it is possible in terms of public opinion to defend a tax on financial
transactions or another form of tax on the financial sector. It
would even be popular.” The debate continues on
the Robert Schuman Foundation website: acknowledging that
no national parliament is willing to accept the principle of a
“European tax”, the foundation (created in 1991 as
the main French research centre on Europe) suggests that increasing
the portion of VAT collected by each member state and contributed
to the EU central pot, would probably be the easiest solution.
Another might be the raising of EU eco-taxes on polluting vehicles
and industries. Here however its carbon trading/greenhouse gas
emission tax scheme enters very choppy waters. For not only are
greenhouse gas emission taxes controversial but their entire basis
has been called into question after the debacle during the winter
this year, that suggests the “science” behind global
warming is defective, distorted and even unscrupulously manipulated
for partisan purposes. (Try James Delingpole’s blog at the
UK’s Daily Telegraph for some of the more trenchant sceptical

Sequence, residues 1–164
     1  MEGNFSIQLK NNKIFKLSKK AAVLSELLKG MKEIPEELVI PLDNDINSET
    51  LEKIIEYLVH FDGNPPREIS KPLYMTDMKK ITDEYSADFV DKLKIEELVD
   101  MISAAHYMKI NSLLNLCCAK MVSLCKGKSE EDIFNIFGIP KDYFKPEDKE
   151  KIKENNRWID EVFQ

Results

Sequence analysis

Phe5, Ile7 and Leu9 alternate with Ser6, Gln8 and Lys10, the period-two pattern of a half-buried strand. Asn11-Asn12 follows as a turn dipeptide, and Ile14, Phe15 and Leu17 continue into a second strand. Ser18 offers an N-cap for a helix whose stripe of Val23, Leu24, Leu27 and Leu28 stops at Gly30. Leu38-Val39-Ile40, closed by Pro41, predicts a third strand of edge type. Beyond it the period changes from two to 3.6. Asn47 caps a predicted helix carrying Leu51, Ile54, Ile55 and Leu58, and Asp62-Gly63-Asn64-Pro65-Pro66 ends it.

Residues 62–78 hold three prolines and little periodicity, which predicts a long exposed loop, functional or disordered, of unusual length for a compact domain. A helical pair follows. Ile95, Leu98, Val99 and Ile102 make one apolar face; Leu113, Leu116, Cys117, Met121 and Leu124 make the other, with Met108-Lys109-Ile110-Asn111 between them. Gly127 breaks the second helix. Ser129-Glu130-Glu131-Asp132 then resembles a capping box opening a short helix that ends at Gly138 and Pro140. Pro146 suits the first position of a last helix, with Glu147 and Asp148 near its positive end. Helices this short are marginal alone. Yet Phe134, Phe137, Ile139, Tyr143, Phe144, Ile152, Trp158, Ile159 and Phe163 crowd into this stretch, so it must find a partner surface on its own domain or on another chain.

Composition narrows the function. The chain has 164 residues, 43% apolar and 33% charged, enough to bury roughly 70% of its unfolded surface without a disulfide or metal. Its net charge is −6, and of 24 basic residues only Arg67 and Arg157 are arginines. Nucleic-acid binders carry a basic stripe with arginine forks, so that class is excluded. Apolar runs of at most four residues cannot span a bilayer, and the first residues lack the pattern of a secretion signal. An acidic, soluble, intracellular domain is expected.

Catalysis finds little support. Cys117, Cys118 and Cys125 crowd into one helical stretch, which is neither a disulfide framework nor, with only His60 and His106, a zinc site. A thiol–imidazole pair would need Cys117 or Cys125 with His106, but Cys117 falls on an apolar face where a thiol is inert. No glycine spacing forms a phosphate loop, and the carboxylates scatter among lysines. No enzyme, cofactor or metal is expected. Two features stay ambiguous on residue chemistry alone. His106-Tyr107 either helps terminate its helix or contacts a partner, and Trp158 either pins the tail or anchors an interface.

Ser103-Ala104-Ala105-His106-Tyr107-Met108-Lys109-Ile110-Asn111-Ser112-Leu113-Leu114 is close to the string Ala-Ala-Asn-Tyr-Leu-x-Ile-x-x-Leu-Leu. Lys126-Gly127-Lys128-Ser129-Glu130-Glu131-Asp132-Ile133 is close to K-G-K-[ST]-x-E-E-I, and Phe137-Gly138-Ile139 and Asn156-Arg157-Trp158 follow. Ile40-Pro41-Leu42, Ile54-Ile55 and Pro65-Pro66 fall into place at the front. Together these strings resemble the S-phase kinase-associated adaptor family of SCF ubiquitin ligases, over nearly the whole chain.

views on global warming, or “climate change” as it
was hastily re-baptised: here,
Related Post: The global financial crisis
may no longer be on the front pages of the newspapers but anyone
who thinks it has gone away is burying their heads in the sand.
The seminal upheaval in the global economy caused by the reprehensible
and irresponsible behaviour of Wall Street and City bankers and
complicit Washington and London politicians, is a long way from
resolution. “The U.S. is bankrupt and we don’t even
know it” says Laurence Kotlikoff, professor of economics
at Boston University in
this oped piece for Bloomberg’s financial wire.
Related Post: Finally for those whose French
is proficient Liberation newspaper’s Jean Quatremer,
a law lecurer at Paris X-Nanterre and journalist covering European
affairs for the paper, blogs on Coulisses de Bruxelles, UE
(Brussels Scenes) about three possible scenarios for the future
of Europe in the wake of the global crisis, the Greek tragedy,
the controversial EU bailout and the ongoing weakness of the euro.
Might it all collapse he asks? Read it here
and if your French isn’t quite up to it, well try Google's
translator for a rough idea.